How to build swim strength and stay injury free

Work on your swim-specific strength through the winter and swim injury-free into the new season


Investing time in functional strength and conditioning will help prevent frustrating injuries, and also lay stronger foundations for efficient stroke mechanics and enhanced performance. 


Common swim injuries of the shoulders, like swimmer’s shoulder, and lower back can be simply prevented by strengthening your shoulder rotator cuff muscles, maintaining a range of movement, particularly in the thoracic spine, shoulders and chest, and by strengthening deep core and rotational trunk muscles. By developing your upper-body functional strength and your leg kick, you’ll also see improvements in holding an efficient body position, swim technique while fatigued, and performance.

Functional strength sets such as this one can be added to your autumn swim plans, or elements of it can be integrated into swim sessions as a warm-up or strength sets for time efficiency. Remember, correct muscle recruitment and form are as key as progressively loading these exercises.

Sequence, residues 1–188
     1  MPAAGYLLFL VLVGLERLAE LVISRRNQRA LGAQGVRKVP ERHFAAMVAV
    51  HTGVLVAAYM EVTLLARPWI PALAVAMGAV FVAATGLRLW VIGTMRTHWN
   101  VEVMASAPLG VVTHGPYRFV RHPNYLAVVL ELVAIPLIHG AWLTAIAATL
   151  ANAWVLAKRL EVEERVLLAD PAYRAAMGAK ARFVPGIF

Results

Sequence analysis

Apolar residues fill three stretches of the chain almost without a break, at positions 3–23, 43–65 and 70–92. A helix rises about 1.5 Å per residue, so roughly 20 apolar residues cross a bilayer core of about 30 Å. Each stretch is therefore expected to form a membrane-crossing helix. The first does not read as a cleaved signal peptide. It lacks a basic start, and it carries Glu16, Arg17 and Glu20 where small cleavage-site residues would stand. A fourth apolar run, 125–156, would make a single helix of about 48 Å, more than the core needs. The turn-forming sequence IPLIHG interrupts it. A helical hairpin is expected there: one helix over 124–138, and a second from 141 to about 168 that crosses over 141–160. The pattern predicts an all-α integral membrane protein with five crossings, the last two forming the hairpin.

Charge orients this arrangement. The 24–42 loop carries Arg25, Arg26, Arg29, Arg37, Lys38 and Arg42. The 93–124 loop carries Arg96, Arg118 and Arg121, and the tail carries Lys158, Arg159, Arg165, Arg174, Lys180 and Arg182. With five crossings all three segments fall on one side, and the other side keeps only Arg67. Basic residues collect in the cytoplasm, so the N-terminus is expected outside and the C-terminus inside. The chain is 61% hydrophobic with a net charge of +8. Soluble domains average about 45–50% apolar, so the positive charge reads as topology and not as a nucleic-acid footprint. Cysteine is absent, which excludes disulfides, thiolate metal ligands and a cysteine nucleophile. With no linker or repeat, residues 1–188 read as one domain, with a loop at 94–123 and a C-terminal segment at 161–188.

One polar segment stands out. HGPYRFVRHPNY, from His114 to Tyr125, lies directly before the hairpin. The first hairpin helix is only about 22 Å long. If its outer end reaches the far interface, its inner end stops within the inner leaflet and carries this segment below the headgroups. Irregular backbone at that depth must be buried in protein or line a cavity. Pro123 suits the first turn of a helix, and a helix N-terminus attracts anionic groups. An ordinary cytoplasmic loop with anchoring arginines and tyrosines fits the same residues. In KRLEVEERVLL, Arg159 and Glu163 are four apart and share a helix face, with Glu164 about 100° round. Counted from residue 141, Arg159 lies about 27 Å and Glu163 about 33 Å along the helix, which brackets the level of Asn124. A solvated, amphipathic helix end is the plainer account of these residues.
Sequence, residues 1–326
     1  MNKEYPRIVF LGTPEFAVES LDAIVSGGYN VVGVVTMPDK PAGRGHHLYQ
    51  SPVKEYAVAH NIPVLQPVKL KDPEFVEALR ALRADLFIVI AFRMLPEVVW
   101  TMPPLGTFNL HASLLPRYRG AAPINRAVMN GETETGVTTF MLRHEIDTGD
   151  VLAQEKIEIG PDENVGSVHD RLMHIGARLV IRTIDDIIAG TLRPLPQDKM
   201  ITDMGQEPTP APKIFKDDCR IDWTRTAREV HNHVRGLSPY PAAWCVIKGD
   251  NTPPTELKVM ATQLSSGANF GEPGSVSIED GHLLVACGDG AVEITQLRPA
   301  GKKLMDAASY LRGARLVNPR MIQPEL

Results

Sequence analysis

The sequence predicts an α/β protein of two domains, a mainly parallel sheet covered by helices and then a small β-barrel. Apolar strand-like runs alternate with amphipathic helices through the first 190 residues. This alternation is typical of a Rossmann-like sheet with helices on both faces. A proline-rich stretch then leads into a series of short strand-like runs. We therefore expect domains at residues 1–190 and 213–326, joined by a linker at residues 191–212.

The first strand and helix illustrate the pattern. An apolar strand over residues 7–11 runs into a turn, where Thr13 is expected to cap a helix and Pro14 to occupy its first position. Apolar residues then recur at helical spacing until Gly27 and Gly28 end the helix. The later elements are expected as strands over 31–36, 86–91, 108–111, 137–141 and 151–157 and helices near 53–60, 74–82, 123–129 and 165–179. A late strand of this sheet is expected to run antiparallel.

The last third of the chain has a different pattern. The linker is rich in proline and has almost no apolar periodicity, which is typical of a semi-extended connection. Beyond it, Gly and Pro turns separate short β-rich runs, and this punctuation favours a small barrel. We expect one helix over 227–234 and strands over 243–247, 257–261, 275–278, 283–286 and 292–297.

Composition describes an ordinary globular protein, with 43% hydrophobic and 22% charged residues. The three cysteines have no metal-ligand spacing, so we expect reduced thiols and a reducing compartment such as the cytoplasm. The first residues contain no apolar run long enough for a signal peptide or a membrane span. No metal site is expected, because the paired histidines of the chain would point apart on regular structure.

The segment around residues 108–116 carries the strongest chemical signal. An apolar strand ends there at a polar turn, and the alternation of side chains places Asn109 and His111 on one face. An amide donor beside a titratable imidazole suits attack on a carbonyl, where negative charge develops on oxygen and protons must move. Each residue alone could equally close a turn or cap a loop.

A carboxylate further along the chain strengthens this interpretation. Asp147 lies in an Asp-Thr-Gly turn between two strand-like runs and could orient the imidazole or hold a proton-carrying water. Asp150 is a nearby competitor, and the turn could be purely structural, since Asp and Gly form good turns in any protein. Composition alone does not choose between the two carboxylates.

6 x yoga ‘sun salutation’ sequence

2 x 20 press-ups

From 10-20, alternate taking one hand off to tap opposite shoulder

2 x shoulder matrix

Lie face down, arms to side, perform 10 small forward rotations followed by 10 backward. Repeat with arms extended above head, then 10 small arm lifts in both positions

5 x core plank matrix

Front plank, hold with good alignment, transition onto side plank hold, transition to front hold, transition to other side hold. Build from 10sec to 30sec holds

2 x 10 superman back extensions

Lie face down, alternate arms/legs


4 x 100m build

20sec rest between reps


6 x 100m kick

As 25m tombstone kick, 25m easy kick, 50m streamline sidekick with fins

30sec rest between reps

6 x 150m

100m with resistance (drag parachute/shorts, or arms only with pull buoy and band)/50m unresisted

30sec rest between reps


200m mixed stroke including back stroke


Perform strength exercises unloaded initially. Reduce the kick set to 50m repeats or wear fins for the resisted kick, and use limited drag or just a pull buoy for the arm set.



Gradually increase the kick set, repeat distances and totals, and use lighter resistance but swim longer resisted intervals to develop strength endurance rather than power.

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